Coaching or Mentorship or Both?

Written by: Ensign-M
Featured image by: Ensign-M

This past Friducation Presentation was, as Kal put it, “a bit of an organic experience”. He encapsulated a classroom learning environment and discussed the key differences between coaching and mentorship with the team, as a team. The goal of this presentation was to hear insights from team members on what we think the difference between the two are, as well as to understand how to leverage the use of coaches and mentors.

Kal kicked off this presentation by turning the focus to the team and taking a tally based on some general questions. How many of us have had a mentor or coach before? How many of us have or had multiple? How many of us would think we would benefit from either a mentor or coach? Currently, of the 23 team members in the meeting, 10 people have mentors, 5 people have coaches, 19 people think they could benefit from a mentor, and 18 people think they could benefit from a coach. The disconnect between who has coaches and mentors and those who wanted to benefit from either one of them was clear.

The next step Kal took in the conversation was to dig deeper and let the team answer 3 questions individually in order to come back and share our thoughts.

The questions we answered individually and reflected on as a team were:

  1. What do you believe is the difference between a mentor and a coach?
  2. In what areas would you want a coach?
  3. How do you think a mentor would benefit you?

Here is a summary of the key points some of the team members discussed:

      1. A mentor doesn’t tell you what to do but helps you become a better version of yourself. They help you with long-term goals through guidance and advice. They are not accountable for your success.

      • You don’t pay a mentor.
      • They are growth-focused.
      • It is primarily a personal relationship.
      • It tends to involve a philosophical approach i.e. the Mentor posits questions to consider.

      A coach gives you specific technical knowledge and skills to coach you to succeed in that area. They are accountable for your business success.

      • Coaches are paid.
      • They are performance-focused.
      • It is primarily a professional relationship.
      • It involves a methodical approach i.e. the Coach answers questions and directs behaviour.

      2. A mentor provides benefits through guidance and experience. As Sarah touched upon, a mentor will call you out on your bullshit and challenge ideas. By finding a mentor who shares similar values or goals, it allows you to look up to them and use their experience as a guide.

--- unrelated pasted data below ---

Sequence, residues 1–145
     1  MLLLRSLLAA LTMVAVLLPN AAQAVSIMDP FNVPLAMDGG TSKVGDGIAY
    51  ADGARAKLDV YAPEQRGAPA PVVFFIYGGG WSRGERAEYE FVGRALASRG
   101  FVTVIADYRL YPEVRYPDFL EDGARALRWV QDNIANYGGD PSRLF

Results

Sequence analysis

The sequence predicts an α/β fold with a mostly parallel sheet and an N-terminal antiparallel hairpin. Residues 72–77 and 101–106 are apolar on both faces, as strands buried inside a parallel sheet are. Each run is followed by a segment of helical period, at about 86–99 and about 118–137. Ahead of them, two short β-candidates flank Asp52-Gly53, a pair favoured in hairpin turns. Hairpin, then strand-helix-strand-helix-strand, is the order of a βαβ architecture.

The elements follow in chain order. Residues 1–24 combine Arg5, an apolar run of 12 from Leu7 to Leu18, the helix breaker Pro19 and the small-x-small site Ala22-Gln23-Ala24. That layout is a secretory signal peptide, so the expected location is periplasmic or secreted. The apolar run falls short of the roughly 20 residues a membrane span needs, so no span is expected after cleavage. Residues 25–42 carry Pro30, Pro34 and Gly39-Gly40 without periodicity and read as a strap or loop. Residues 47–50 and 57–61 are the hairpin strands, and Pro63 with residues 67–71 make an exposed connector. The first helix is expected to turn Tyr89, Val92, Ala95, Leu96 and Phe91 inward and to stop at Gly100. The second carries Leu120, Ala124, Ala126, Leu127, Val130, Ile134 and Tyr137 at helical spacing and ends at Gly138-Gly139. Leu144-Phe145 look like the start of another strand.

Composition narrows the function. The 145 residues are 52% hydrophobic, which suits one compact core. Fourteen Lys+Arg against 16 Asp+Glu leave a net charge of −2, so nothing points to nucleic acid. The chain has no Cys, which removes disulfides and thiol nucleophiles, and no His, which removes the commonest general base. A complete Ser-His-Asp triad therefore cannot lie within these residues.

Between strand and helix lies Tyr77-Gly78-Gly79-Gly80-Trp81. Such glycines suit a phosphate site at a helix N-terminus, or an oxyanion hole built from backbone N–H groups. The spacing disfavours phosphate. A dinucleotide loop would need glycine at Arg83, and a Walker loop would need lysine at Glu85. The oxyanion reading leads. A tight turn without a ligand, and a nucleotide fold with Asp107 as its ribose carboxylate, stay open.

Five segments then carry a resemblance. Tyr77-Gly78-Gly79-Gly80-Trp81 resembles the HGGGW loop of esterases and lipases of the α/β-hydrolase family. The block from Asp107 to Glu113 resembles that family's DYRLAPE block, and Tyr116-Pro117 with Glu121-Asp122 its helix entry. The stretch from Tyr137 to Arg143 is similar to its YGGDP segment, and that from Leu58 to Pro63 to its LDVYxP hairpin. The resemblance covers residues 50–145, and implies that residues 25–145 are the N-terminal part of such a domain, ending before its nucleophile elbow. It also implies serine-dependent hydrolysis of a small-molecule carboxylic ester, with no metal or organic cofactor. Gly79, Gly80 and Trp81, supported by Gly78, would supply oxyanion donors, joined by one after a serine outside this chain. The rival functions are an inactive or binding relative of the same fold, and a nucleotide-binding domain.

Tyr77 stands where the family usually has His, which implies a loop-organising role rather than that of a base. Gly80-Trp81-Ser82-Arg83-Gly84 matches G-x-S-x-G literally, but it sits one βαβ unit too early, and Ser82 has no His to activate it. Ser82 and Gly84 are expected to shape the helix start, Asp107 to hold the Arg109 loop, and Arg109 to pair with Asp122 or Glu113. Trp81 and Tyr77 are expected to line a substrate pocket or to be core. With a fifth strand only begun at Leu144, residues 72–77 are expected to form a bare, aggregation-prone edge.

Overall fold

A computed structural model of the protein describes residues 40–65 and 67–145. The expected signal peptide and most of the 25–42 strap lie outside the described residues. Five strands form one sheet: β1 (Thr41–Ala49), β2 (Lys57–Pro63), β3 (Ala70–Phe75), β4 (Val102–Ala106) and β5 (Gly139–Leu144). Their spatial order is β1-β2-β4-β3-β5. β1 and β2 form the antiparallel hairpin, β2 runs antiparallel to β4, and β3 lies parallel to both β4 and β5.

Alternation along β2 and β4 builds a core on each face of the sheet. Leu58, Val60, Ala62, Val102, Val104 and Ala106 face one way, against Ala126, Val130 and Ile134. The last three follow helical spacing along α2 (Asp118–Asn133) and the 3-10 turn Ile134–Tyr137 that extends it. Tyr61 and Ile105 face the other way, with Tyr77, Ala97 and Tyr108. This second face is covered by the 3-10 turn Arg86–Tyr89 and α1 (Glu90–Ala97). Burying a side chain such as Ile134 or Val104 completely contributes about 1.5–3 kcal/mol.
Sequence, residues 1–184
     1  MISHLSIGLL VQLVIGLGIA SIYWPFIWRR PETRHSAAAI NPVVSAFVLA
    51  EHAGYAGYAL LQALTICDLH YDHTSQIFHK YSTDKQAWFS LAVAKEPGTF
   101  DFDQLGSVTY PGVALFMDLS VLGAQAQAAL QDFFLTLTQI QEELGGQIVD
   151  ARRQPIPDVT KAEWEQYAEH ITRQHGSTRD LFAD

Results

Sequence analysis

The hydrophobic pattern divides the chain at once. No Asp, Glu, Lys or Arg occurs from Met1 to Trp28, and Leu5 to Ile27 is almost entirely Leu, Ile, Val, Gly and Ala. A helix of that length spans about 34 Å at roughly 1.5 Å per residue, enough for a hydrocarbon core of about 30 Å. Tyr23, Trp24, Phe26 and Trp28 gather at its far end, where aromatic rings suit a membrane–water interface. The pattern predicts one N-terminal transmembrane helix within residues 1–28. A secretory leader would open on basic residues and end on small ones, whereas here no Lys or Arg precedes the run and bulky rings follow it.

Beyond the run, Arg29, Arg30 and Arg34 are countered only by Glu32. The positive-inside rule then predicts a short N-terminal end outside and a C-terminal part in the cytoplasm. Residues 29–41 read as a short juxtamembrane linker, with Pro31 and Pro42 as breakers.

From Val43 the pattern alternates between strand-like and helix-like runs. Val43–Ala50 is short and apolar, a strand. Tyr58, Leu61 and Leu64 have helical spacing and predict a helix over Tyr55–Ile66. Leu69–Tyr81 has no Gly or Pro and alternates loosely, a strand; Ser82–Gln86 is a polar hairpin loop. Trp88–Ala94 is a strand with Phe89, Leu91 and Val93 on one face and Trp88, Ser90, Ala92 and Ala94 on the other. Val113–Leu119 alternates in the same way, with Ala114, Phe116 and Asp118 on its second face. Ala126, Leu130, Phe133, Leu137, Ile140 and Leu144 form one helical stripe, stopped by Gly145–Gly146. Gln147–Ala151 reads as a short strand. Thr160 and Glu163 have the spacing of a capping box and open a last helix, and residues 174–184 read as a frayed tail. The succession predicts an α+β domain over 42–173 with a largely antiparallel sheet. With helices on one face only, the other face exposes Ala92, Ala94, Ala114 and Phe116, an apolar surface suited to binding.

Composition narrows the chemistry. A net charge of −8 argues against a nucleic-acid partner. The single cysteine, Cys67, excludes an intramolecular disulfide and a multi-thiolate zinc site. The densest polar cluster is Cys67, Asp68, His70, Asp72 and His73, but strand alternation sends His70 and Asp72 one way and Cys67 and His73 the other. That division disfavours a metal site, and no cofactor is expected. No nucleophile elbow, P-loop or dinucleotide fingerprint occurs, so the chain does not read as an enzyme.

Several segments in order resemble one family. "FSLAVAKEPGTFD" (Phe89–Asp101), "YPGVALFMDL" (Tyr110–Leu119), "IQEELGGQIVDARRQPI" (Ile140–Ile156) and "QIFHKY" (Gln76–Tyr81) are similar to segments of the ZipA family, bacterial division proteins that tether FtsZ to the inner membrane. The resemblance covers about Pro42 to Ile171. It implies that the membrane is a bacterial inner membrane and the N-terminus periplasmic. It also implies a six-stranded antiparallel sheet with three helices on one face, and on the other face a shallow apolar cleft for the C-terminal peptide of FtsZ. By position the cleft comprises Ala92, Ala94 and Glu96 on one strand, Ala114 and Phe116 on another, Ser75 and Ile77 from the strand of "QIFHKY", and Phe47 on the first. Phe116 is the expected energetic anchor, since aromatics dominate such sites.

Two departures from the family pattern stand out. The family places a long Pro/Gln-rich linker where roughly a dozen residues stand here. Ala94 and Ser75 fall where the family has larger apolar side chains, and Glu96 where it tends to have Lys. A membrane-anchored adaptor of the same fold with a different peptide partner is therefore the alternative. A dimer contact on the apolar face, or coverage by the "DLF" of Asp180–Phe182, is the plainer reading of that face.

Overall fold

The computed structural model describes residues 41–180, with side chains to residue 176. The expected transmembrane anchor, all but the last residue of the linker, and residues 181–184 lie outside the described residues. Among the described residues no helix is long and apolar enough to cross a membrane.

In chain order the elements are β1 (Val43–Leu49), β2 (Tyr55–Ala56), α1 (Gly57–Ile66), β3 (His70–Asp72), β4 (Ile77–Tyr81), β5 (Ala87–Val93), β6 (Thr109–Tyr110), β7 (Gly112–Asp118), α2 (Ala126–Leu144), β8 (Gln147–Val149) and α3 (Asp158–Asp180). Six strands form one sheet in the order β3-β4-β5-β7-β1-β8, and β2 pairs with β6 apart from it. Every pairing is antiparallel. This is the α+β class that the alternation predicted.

3. A coach can be beneficial in areas such as breaking bad habits or behaviours. They would aid in communication, presenting, leadership, finance, and health/ fitness.

“Sometimes a mentor needs to talk to you for one or two minutes. And that one or two minutes is enough to steer you in the right direction. You don’t have to talk to that person for the next 6-12 months; whereas a coach you can count on to continuously engrain those habits for that specific skill set you want”.
– Kal

Talking about our collective thoughts helped Kal formulate even more questions such as: Why don’t we have coaches or mentors? Is it a financial problem? Or do we not know how to find these coaches or mentorship? The greatest athletes and business people have many coaches and mentors that led them to success. They take the accumulated wisdom from all these people’s experiences, so why don’t we?

Maybe we have them right in front of us but we don’t know how to take advantage of them. In addition to this, when we have mentors and coaches in our arsenal, how do we ask them the right questions in order to get what we need from them?

“Coaches give you answers, mentors give you more questions.” – Kal

Kal touched up on when he was in university, he’d go into philosophy lectures and come out more confused than before. This reminded me of a quote I read in Ego is the Enemy by theoretical physicist John Archibald Wheeler: “As our island of knowledge grows, so does the shore of our ignorance.”

Even when talking to mentors, you aren’t supposed to feel comfortable when speaking with them. When you start to feel uncomfortable, vulnerable, or even discouraged, it is a signal that you are doing the right thing by reaching out and trying to find help.

Mentors don’t want you to agree with everything they say either. They will challenge you and your ideas to help make you come up with your own decisions. Through challenging you, they help you reach decisions, but will never tell you what to do.

“A goal of a mentor is to warn you of the enemies you might not see, to see the potential in you that you might not see, and to question your reality”. – Kal

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